Over those last three miles my legs and I gradually reached an understanding – my legs needed to learn that under no circumstances was I going to quit and that they were coming along with me whether they liked it or not, whether they allowed me to run or to walk or if I had to drag them along like they were attempting a form of civil disobedience.. And I needed to learn from my legs that they were willing to assist me in my ludicrous pursuit of yet one more shiny finisher’s medal as long as I allowed them to dictate the pace and if I used my GPS watch only for personal amusement rather than direction.

Thankfully for both of us, we came to realize that not only was walking just as painful as running, but that it extended the time that we had to put up with each other. So I was able to run more than I walked in those final miles.

Which brings us to that video of the finish line. You won’t see my lips moving – my legs and I had given up talking at that point. But there I am stumbling in with a gait that looks like a old man’s poorly orchestrated attempt to run his 20th half marathon. As I reach that final and definitive “this is the end” black line, my legs stop running one millimeter after I cross it. They had had enough of my baloney, and I had had enough of their rebellion. I got that medal – “Look I am a finisher.” My legs didn’t even look up. I sensed their disgust or was it pity? We had to maneuver a long walk up a hill to get back to the car. I will not repeat what my legs were saying during that time.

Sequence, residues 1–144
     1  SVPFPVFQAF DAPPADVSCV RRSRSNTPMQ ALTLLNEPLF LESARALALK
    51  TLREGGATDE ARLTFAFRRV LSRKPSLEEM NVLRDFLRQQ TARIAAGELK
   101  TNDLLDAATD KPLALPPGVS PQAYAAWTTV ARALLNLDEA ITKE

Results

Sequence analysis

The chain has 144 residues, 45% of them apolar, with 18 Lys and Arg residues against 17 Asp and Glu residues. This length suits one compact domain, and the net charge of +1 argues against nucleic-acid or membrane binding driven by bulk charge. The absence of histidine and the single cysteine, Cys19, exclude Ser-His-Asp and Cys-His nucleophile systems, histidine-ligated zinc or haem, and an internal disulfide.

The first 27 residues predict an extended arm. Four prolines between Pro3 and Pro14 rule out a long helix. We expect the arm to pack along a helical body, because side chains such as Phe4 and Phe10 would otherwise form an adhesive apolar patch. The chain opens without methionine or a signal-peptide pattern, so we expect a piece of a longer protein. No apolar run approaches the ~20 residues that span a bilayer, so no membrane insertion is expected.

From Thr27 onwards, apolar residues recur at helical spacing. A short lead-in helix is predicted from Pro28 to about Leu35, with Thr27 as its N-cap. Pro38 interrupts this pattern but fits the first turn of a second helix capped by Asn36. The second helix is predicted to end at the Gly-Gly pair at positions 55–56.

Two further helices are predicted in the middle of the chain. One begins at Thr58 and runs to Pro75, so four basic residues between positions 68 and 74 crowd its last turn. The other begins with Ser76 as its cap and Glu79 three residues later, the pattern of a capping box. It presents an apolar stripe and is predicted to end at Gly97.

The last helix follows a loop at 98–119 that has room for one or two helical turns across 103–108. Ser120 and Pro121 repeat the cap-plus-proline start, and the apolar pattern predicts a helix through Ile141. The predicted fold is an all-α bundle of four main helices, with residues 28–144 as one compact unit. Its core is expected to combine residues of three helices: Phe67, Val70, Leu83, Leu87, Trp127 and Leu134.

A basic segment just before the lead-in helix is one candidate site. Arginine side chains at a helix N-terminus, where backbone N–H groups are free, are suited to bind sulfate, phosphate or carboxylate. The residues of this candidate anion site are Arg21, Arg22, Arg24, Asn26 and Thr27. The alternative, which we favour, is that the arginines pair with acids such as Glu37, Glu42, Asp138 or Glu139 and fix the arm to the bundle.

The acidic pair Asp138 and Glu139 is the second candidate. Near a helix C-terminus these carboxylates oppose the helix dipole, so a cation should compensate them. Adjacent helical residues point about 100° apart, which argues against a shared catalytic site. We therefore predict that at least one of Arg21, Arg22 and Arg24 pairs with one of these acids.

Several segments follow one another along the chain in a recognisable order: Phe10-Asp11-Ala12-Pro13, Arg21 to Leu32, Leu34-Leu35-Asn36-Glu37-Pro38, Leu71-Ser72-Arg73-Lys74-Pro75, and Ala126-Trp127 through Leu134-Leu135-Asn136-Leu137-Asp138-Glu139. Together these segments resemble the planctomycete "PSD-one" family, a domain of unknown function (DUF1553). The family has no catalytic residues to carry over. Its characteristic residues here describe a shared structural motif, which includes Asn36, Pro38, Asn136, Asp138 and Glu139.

When looking at the race results later that day, I was stunned to learn that while 2271 runners finished ahead of me (that was no surprise) 730 people finished behind me. It didn’t make me feel any better, but in most cases I would advise those people to consider a different form of fitness. I was even ahead of about 1/3 of the males in my age group. It might be time for them to turn their attention to Yahtzee before it is too late.